From an NRO piece I wrote a few months ago, “If He Wins”…
One of the reasons that Republicans were shellacked at the polls in 2006 was that all of their failures were prominent and fresh in voters’ minds: casualties in Iraq with no sign of stable government taking root, Katrina devastating New Orleans, Jack Abramoff’s ties to too many lawmakers. Some of the scandals would have seemed unrealistic and clichéd had they in a novel – Mark Foley soliciting house pages, the FBI raiding Curt Weldon’s home; Don Sherwood facing allegations of choking his mistress.
Vast swaths of the voting public have little or no memory of Democratic failures. The last time that party controlled the presidency and two houses, they passed the biggest tax increase in history; failed to pass health care; failed to reform welfare; U.S. troops had been pulled out of Somalia in the face of a foe that resembled extras from Mad Max and the arsenal of democracy’s attention was focused on Haiti, of all places. The Clinton administration reached farce when the surgeon general declared she wanted to teach teenage boys how to masturbate in classrooms, and in the perfect symbol of a world gone off the rails, the World Series was cancelled.
But people forget about yesterday’s problems. And as they focus on the problems of today and the majority party’s failure to fix them, they get more sympathetic to the other guys.
And since 1994, Democrats have been able to say, “our ideas would work perfectly, if we could just get it past those obstructionists standing in our way!” Their ads have chanted it, their cheerleaders in the media have echoed it, and their base fervently believes it. It’s ironic that next to nothing on their policy agenda is new or different from the last time they ran the executive and legislative branch – the government can institute a health care system that will take care of everyone and all the costs can be covered by higher taxes on the rich; industry is polluting the earth and we can solve it by taxing carbon; we’ll stop Republicans from destroying Social Security; we can expand the good work of volunteerism by throwing massive amounts of federal funds at those programs. Many of them still believe, despite all evidence to the contrary, that gun ownership is the cause of crime instead of part of the solution…
Will President Obama really have all combat troops out of Iraq in sixteen months? In May 2010, we’ll know whether Obama broke the signature promise of his campaign, whether he pursued the policy and the consequences were dire, or whether he pursued the policy and Iraq turned out fine. Will it be better or worse than today’s post-surge general stability? What will returning Iraq veterans say? What will General David Petraeus say?
Will Obama truly meet, without preconditions, with the rules of North Korea, Cuba, Venezuela, Syria and Iran in his first year? Or will history remember that comment at the YouTube debate as the future president just telling Democratic primary voters what they wanted to hear? If he does, how do you think that first meeting with Mahmoud Ahmadinejad goes? Think he makes concessions to President Obama?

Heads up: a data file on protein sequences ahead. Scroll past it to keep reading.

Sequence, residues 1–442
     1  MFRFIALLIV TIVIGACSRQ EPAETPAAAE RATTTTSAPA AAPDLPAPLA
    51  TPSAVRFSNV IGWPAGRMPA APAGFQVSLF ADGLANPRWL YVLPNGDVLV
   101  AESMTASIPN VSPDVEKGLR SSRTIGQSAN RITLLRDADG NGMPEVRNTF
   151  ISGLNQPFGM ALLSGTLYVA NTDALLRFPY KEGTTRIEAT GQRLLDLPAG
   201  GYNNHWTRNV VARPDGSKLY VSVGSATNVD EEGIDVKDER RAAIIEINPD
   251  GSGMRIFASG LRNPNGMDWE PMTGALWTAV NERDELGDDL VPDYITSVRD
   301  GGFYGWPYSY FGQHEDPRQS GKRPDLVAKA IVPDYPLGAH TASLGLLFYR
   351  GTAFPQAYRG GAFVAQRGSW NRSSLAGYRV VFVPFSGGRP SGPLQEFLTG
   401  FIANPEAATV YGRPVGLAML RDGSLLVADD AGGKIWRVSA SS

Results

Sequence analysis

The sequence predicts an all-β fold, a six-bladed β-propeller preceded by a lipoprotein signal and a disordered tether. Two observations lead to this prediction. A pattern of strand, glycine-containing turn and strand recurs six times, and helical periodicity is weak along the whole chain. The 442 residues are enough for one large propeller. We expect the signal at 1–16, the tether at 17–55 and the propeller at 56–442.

Do you think Putin’s puppet Medvedev will take it easy on the new kid?
Where do you think the markets will perform when Obama raises the capital gains tax? How much capital will seek a kinder tax environment? When top effective marginal tax rates start hitting 50 percent, how many of America’s wealthiest will decide to emigrate?
We won’t see any significant offshore drilling under a president Obama. What do you think the price of a gallon of gasoline will be in the summer of 2009? 2010? How do you think that will affect the economy as a whole?
The Left will score some major victories in the first years of an Obama administration: Card check, ensuring that voices of opposition within unions are quashed. They’ll probably pass some version of the Fairness Doctrine, although many ordinary Americans might wonder why talk radio alone requires the government to step in and set content requirements. They’ll hike taxes, obviously, and as my colleague Ramesh Ponnuru has noted, the real trouble comes from a nationalized health care system. Once created, those programs are nearly impossible to repeal, and the public always buys the argument that they’re underfunded, no matter how poorly they’re managed.
But the last time the Democrats had control of the White House, the House, and Senate, they triggered the Republican Revolution of 1994. It’s entirely possible — likely — that by 2010, the Democrats will have overstepped the sensibilities of the American people. What will be the straw that breaks the camel’s back? “Truth commissions” investigating the Bush years? Government-managed lists of “Patriotic Corporations”? Obama’s call for driver’s licenses to be offered to illegal immigrants?
Will Americans feel better when the First Lady assures them that all of this is part of the process of “healing our souls”?
A Republican comeback will require two elements. The first part will be provided by Democrats themselves – examples that their ideas don’t work as well in reality as they sound on the campaign trail. The second part will be innovative Republican solutions that effectively address the worries that are foremost on voters’ minds.